dvds on wine

war of the worlds 1 Print
Written by guest culinary writer, Chef David Stemmle   

After we had settled into the food, we started on the wines again.  The Pouilly Fume was quite different than before — the fruit and acidity really came through.  We all agreed that the bitterness was negligible, and that it was more assertive and almost spicy.  Average score: 7.5.  A drastic improvement… but what about the Hunter?  It had been the clear favorite before the meal, but now it seemed to be competing with the food — a little overblown.  The nuances we loved in the beginning now seemed busy with the complexities of the food.  Average score: 5.

Overall, the winner was still the Hunter with a better total score of 13.5 compared to 12.25 for the Guy Saget.  The Hunter was also the better value at $16.99 compared with $18.99.  But the Guy Saget represented the Old World very well.  It supported the idea that Old World wines taste better with food, and that food can be better with Old World wines.  Next time I plan a cocktail party, I'm going to reach for the Hunter; but at my next dinner party, it will have to be the Guy Saget.


Poblano Peppers Stuffed with Salmon and Goat Cheese Mousseline

  • 7 oz cooked salmon
  • 3 oz goat cheese
  • 1/3 cup half and half
  • handful of cilantro
  • 1 egg white
  • 1 tsp salt
  • black pepper
  • ¼ tsp hot Hungarian paprika
  • 4 poblano peppers - cut around the stem on top and pull out the seeds

Puree mousseline in a food processor until smooth, then pipe into poblanos.  (I used a freezer bag and cut the corner, but an actual piping back will work too).  Roast peppers for about a half hour in a 350 degree oven to cook the egg whites and soften the peppers.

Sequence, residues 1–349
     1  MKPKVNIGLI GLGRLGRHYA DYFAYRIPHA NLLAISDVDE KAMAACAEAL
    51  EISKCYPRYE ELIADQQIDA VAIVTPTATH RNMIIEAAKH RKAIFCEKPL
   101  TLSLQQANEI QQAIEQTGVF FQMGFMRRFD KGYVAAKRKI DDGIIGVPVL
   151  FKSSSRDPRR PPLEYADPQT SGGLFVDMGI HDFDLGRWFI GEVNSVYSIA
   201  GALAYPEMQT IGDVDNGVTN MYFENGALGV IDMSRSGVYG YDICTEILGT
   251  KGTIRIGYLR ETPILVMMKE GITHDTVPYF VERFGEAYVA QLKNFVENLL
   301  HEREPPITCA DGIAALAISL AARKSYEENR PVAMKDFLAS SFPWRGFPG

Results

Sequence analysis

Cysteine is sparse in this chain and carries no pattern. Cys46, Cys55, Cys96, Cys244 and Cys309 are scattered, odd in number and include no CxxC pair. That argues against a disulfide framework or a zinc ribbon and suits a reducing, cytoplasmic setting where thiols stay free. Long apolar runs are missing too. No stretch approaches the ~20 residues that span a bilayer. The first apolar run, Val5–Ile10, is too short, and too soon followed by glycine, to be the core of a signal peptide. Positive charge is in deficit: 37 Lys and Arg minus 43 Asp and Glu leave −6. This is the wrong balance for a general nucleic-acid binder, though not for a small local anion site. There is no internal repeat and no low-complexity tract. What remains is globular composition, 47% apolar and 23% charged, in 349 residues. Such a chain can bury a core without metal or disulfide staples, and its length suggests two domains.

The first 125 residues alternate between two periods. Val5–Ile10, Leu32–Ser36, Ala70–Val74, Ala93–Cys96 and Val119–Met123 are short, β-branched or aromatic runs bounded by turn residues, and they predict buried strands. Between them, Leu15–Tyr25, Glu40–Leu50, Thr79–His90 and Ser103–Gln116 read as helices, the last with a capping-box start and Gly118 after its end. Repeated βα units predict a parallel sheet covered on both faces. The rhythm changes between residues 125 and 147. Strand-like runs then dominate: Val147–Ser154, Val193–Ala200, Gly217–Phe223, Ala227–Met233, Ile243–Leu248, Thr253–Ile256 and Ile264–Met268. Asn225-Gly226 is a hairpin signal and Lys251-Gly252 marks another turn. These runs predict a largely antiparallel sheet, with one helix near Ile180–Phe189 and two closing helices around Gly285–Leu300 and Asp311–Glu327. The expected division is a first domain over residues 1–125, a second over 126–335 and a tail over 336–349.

Goat Cheesy Grits

  • ¾ cup grits
  • 3 oz goat cheese
  • salt and pepper to taste

I used stone ground grits, but instant grits will work too.  Follow instructions on the package.  I used about a cup of warm milk, and a cup of water to adjust to the consistency I wanted.  Season with salt and pepper, then stir in goat cheese once the grits are cooked.  Remember to taste it and adjust the seasoning accordingly.

Grapefruit and White Wine Sauce

  • 4 oz butter
  • 1.5 cups dry white wine
  • 1 cup grapefruit juice (if you are using frozen, you can just add 2 tbs of the concentrate to the reduced wine - concentrated juices are an easy way to add a lot of flavor to your sauces quickly)

Reduce to about ¼ cup over low heat, whisk in butter a little at a time, until smooth. Remove from heat.  Remember that acid will curdle the milk fats in the butter, so low heat and lots of motion are very important to keep the sauce from breaking.  If it does, add a touch of cream off the heat and whisk it back together.

Cilantro, Red Onion, Grapefruit and Goat Cheese Salad

  • handful of cilantro
  • 1 grapefruit, supremed (cut the rind and pith away, the slice down each side of the membrane to cut loose segments of just fruit)
  • about 2 oz crumbled goat cheese
  • thinly sliced red onions — marinated in grapefruit juice for as long as possible before the meal, even overnight

David Stemmle is a chef and culinary writer based in Durham, North Carolina.  He is also CEO of Headstart Gourmet, producer of fine wine-reduced compound butters.  His pieces on wine and food pairing appear regularly on Vinterviews. v

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dvds on wine